Yesterday's Post-Standard reported that the three top county-wide incumbent elected officials are not likely to face any Democratic Party opposition next fall, and may not even have minor party opposition.
In each individual case there are good reasons why a serious potential Democratic candidate might decide to sit this cycle out, and there are some good overall reasons for this as well. Some of them are related in the story, which you can find here. Serious, quality challengers tend to pick their runs very carefully.
My purpose in writing about this is something different, however, and it relates to the small-d democratic concern that the story points to--is it good for our system to have people running unopposed? The short answer of course is no. But if it proves to be true this fall, this feature could offer a silver lining--which I propose here as a challenge to the incumbents as well as thoughtful critics in the community.
Official campaigns have become overly guarded, packaged affairs, with the adversaries more worried about not screwing something up than with convincing people to sign on to a coherent and bold set of policy ideas. The candidates rarely engage each other intellectually. In other words, we've come a long way from Lincoln-Douglas.
Since this time around the incumbents literally can't lose, why not take this opportunity to have some real conversations in the public interest on the issues that relate to each position? What I have in mind are a series of debates, or rather let's just call them spirited, authentic discussions, in which the incumbent would pair off with someone in the community who has a view different from the decisions the incumbent has made and the path he or she has followed. They don't necessarily have to be directly opposed, just different. This discussion could then lead to a broader discussion of the macro-level ideas and values that guide their more specific policy positions--what H.W. Bush used to call "the vision thing."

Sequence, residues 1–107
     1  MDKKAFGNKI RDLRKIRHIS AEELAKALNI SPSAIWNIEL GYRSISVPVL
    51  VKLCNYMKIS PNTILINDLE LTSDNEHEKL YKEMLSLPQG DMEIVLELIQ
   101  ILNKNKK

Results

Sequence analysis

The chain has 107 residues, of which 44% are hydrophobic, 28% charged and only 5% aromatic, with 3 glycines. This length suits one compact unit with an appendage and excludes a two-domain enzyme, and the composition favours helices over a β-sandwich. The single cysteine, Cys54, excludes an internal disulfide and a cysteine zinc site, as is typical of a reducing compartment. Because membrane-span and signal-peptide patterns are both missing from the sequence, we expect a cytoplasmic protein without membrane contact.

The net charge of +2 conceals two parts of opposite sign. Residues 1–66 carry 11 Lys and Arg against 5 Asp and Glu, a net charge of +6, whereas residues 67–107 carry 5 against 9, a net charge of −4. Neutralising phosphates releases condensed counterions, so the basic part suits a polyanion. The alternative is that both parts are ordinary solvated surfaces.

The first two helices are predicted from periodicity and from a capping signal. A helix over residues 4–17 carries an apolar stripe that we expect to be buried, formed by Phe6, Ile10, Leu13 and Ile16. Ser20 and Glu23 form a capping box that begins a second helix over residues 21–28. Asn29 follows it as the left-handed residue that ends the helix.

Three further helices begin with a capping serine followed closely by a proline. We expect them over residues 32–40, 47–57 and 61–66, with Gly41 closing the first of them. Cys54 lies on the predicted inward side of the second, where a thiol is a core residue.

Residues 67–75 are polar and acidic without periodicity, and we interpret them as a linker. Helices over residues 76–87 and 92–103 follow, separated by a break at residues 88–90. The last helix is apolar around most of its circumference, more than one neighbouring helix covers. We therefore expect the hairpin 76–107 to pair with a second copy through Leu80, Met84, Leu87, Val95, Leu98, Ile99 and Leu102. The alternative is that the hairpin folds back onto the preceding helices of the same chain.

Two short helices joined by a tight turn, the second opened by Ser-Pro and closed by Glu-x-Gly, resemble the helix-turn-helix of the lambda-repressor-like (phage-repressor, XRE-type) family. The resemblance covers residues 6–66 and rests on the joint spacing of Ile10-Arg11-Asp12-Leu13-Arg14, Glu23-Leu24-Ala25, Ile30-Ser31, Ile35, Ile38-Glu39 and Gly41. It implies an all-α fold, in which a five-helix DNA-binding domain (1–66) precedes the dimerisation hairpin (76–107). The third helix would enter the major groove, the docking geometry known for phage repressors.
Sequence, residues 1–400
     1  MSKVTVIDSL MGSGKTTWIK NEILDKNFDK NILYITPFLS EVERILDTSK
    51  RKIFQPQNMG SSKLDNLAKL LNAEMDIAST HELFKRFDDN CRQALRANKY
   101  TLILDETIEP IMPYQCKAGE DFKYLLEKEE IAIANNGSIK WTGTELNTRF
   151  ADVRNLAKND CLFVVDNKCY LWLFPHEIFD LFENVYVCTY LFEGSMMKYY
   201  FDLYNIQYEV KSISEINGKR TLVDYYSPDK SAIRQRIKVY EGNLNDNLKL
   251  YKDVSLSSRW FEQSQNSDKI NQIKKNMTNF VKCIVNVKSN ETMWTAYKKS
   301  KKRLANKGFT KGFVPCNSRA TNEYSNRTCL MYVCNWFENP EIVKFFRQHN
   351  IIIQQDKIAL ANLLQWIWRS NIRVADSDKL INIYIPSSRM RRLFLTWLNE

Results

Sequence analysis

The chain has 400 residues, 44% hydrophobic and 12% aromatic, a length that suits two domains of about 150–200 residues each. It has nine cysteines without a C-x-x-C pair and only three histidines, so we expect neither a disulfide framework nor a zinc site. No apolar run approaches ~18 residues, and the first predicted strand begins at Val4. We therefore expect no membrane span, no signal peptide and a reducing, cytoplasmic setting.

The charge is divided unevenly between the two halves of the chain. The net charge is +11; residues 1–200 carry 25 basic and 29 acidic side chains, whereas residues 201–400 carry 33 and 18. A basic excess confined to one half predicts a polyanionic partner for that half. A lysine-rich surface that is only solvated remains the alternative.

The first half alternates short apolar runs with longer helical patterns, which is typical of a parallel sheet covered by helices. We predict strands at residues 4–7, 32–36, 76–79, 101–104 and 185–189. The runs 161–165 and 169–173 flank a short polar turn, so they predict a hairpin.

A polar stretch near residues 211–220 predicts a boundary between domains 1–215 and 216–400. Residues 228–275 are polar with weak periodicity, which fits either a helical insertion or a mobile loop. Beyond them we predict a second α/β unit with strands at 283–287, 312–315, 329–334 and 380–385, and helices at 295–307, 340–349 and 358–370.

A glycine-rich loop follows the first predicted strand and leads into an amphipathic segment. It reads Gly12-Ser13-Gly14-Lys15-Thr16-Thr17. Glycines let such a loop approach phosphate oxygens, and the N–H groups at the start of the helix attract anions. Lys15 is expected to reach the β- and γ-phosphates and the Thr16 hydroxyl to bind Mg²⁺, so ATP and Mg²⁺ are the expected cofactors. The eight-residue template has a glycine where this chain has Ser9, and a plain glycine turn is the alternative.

So, for example, a retired judge might debate District Attorney Bill Fitzpatrick about evidence and disclosure rules, which could in turn lead to a discussion about philosophies of criminal justice and the best ways to reduce crime. Or County Executive Joanie Mahoney might debate someone from the suburbs about the proper relationship between the city and the towns, which could lead to a broader discussion about consolidation and the meaning of political boundaries. Personally, I'd love to see a debate on the role of party, party discipline, and the nature of executive leadership.
Would this still seem risky to an incumbent? You bet--what if they "lose" the debate? But if it were set up in the right way, and the participants approached it in the right spirit, I think it's possible to avoid this trap. The media would have to help out with this part, and it may require an act of great restraint by the paper and other outlets not to report the events as zero-sum games. But we remember the Lincoln-Douglas debates not because of who "won" them, but because of the importance of the questions, the process used, and the substantive quality of the entire argument.
Incumbents: What do you think--are you game? And are there people out there who are up to the challenge?
Note: This blog draws in part on my experiences and observations interviewing political figures, writers, and analysts for "The Campbell Conversations" on WRVO. To hear past interviews I refer to in these posts, please go to the show's website. The views expressed here are solely my own, and do not represent Syracuse University, the Campbell Institute, or the WRVO Stations.
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